Making housing activism attractive on-screen

Fighting housing issues may be necessary but it is probably not the first topic viewers, producers, and networks think of for a good product. Until Show Me A Hero:

At its heart, Show Me a Hero is a wonk procedural, exploring all the seemingly impossible and impassable hurdles that policy has to traverse to become reality. But it’s brought to life by Nick Wasicsko (Oscar Isaac), the titular hero. In 1987, when the show begins, Nick, a former cop and lawyer, and current Springsteen superfan, is an eager and ambitious new member of the Yonkers City Council, which is already being roiled by a court ruling. A long-gestating lawsuit has finally found Yonkers, a working-class city just north of the New York City border, guilty of intentionally segregating its housing. The judge presiding over the case has ruled that 200 units of low-income housing must be built on the east, and white, side of the city. That is, more precisely, 200 units of housing, to be spread out over eight different locations, in the white part of a city of a couple hundred thousand people that has spent 40 years practicing systematic housing discrimination and segregation. That is, also, 200 units of housing greeted by white homeowners as an existential threat to their property values and way of life, visited upon them by liberal outsiders, to be fought viciously and rancorously, lest any of the “public housing people” come to live next door.

Nick is soon tapped to run against the Republican mayor in what is supposed to be a slam-dunk election for the incumbent but turns into an upset when the virulently anti-housing voters elect Nick simply because he is not the mayor, who has assented to the judge’s ruling in the case. Nick is happily swept into power by an incensed and racist cohort who expects Nick to fight the housing order, even though it is legal and will never be overturned, and disobeying it will bankrupt the city. Nick is not a simple, straightforward hero: He doesn’t come into office intent on doing the right thing, damn the consequences. He’s a cocky kid, tickled to be the county’s youngest big city mayor, who has to choose between being reasonable, responsible, and righteous or a recalcitrant, unrealistic bigot—when it is the latter choice that will let him keep his job. Nick does what is right. How he does this, and at what personal and professional expense, is the meat of Show Me a Hero, which, tellingly, gets its title from the F. Scott Fitzgerald quote, “Show me a hero, and I’ll write you a tragedy.” (A piece of advice: Don’t Wikipedia Nick Wasicsko if you want to avoid spoilers.)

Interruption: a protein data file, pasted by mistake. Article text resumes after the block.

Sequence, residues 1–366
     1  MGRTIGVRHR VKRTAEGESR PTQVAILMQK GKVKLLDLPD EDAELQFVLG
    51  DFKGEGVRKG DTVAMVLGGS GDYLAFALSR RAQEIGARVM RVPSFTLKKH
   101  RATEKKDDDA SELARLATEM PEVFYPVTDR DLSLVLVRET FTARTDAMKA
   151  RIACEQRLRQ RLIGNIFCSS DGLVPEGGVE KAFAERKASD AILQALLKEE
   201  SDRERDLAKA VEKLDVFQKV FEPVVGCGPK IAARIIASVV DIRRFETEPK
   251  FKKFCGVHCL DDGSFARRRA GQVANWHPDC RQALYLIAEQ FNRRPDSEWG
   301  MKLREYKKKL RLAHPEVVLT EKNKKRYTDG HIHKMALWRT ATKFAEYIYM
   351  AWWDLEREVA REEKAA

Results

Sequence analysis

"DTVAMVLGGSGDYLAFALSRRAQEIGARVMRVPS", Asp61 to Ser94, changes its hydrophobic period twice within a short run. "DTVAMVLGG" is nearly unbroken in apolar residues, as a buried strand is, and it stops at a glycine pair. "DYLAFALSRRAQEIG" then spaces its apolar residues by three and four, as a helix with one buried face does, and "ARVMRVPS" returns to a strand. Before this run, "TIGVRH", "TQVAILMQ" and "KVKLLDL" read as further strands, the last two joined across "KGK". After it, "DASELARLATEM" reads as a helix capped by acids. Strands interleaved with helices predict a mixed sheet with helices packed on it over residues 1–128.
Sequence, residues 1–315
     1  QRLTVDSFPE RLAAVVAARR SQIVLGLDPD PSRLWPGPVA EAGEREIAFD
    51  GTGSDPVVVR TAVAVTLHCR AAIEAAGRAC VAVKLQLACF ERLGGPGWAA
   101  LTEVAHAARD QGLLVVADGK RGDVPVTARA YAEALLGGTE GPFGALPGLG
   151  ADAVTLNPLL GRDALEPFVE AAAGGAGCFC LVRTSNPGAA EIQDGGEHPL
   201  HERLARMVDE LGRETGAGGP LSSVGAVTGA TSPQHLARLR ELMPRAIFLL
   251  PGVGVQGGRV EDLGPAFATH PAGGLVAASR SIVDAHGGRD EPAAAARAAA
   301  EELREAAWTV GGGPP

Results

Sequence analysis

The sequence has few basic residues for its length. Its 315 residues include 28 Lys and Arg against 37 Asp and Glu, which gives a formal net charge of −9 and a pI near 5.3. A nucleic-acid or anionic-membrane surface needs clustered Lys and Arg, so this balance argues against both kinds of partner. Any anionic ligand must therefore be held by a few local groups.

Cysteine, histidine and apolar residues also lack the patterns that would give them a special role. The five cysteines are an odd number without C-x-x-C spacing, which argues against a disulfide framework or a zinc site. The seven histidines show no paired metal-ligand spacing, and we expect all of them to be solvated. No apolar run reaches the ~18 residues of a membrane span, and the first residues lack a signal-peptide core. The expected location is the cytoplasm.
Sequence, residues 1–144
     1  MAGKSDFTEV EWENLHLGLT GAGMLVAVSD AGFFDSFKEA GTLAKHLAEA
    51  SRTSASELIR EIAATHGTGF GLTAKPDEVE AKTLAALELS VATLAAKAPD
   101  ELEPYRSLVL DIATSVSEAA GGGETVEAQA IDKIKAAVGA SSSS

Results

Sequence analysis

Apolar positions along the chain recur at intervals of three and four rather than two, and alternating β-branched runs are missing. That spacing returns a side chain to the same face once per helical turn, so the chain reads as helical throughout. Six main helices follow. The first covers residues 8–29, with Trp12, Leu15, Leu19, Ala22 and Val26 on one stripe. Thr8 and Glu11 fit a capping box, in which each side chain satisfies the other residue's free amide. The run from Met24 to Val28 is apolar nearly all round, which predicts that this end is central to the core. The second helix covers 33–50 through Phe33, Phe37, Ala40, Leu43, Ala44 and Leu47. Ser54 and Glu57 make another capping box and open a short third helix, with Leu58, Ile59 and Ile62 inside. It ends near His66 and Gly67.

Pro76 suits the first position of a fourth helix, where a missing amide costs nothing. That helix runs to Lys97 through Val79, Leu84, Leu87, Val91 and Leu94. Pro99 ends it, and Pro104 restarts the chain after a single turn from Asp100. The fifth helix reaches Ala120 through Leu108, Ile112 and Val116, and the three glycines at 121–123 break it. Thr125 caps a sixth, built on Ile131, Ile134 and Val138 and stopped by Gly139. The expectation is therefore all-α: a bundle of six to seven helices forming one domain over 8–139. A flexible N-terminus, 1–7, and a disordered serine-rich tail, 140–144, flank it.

Plenty of critics and viewers have echoed Newton Minnow’s claim that television will become a “vast wasteland” when it is bad. Yet, couldn’t a show like this be entertaining and provide a public good?

While I noted above that housing activism is an unlikely television topic, it is also an underdiscussed topic overall as many prefer to talk about the promises (and occasional perils, particularly after 2006) of the housing market without acknowledging the influence of residential segregation and the need for interventions to make affordable housing possible as well as to break down persistent clusters by race and class.

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